P.S. La Plata is a great, wonderful, amazing hike –overshadowed only by the blood. Hiking up two snowfields and boot skiing down was the highlight! We are ready for ski season!

Day 11: 8/4/07: Mount Elbert: 14,433


9 miles

Standard Route – NE Ridge

Company: Solo

Wildlife: none

4700 feet

Start: 7:10 am

Summit: 10:00 am

Stop: 12:50 pm


Warm/partly cloudy – 6:00 am

Rain – 1:00 pm

40+ cars at the trailhead. Oh no!

No flowers along the trail!

Legs filled with peanut butter!

Oh Elbert. On a Saturday. In early August. Alone at the trailhead last night, sleep came easily (much needed after the traffic of 82 keeping me up the night previous at the La Plata TH). One other car belonging to a backpacking trio from St. Louis kept me company but as for living things, only the world’s tiniest chipmunks were there with me. And then the onslaught. Starting at 4:00 am, cars of all shapes, sizes and colors streamed into the lot and out the driveway. Passing 6 hiking groups in the first mile and 50 more people in the second mile, I readjusted my anticipation of solitude and started making friends among the folks crawling uphill. Other than the conversation on the uphill train, Elbert was rather un-noteworthy. Despite its reputation as a giant among giants and the fun of saying you’ve been on the highest peak in Colorado, the fun part of the day started at the post-party in the parking lot (which consisted of me sitting in the Crazy Creek with a book under a light drizzle).

While trying to finish an Umberto Eco novel, a lovely strawberry blonde with one blue eye and one brown sidled over to my tailgate party. “Jaye” enjoyed a few of my pets and a bit of water from the MSR cook set lid. Not long after, “Koda” joined the festivities. None of the other hikers finishing in the parking lot knew of these dog’s owners. I watered and leashed them assuming the owners were merely slower at descending than their 4-legged friends. Hours passed. Witnesses questioned. Phone calls made to the number on the dogs’ tags and the Lake County Sheriff. By 6, no owners! Lucky me! I inherited two pleasant canines and a half package of hot dogs (donated by concerned witnesses). From what I could gather, the dogs had been at the summit and had water at tree line. Rather than turn my new friends over to animal control, I prepared to keep them overnight. I would set up the tent for their shelter and have Wendy stop at the Leadville Safeway for kibbles. They would hike with us! Be our companions until their owners turned up!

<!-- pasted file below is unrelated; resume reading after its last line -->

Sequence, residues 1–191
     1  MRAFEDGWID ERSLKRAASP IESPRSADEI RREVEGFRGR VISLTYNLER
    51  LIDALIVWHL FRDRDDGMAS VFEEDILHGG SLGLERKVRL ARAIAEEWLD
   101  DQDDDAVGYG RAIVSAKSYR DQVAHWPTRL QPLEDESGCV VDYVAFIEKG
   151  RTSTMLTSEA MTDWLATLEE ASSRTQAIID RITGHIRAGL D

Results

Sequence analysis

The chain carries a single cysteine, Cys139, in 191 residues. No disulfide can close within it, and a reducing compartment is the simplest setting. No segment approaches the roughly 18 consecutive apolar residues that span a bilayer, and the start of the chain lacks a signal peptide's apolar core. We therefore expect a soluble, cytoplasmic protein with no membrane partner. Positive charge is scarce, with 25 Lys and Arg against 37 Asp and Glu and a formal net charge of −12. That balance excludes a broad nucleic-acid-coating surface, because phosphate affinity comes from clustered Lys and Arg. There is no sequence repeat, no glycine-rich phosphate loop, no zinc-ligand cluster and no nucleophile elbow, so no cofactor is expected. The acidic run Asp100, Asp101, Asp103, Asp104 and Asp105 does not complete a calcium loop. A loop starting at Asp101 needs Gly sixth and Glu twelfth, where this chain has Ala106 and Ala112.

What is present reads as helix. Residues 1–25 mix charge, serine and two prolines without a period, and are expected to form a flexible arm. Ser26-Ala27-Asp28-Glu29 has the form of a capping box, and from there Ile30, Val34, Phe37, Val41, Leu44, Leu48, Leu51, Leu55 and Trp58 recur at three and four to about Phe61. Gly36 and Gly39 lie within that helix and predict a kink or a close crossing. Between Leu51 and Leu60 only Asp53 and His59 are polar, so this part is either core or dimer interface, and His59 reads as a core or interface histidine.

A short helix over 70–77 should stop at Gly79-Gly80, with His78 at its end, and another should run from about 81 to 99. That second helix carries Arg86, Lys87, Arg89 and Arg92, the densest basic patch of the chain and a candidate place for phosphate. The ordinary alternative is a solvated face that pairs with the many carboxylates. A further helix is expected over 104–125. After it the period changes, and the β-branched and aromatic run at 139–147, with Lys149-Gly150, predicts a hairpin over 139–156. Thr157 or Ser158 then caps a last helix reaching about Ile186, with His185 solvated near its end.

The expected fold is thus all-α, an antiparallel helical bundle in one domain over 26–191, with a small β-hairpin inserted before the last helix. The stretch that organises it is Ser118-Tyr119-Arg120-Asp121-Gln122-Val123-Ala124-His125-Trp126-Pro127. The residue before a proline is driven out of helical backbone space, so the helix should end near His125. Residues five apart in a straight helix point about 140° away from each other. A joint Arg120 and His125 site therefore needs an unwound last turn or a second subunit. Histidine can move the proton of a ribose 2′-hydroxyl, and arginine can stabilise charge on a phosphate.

Phone call. Troy from Denver: I hear you have my dogs? I’ll be there right away to pick them up.

2nd Phone call. Troy from Denver: You said the Mount Elbert TH? We’re there – it’s a paved parking area off 82 and we don’t see you.

Me: What!? Not the South Mount Elbert TH! North!

The dogs had gotten up with first Elbert pilgrims, abandoning camp before being leashed up, and summated from the south. After reaching the highest point in Colorado, they continued down the north side. They probably packed in 10 miles! The sweeties jumped into their familiar green Explorer amid promises to leash them up before hikers entice them out of camp. In remembrance of my afternoon with the dogs I can’t have, I ate their hot togs sliced into mac and cheese in the continuing drizzle. Much thanks to the Oklahoma guys for fun after dinner conversation around the campfire! I’ll lend you fire anytimeJ

P.S. for pictures of the dogs posted on, go to: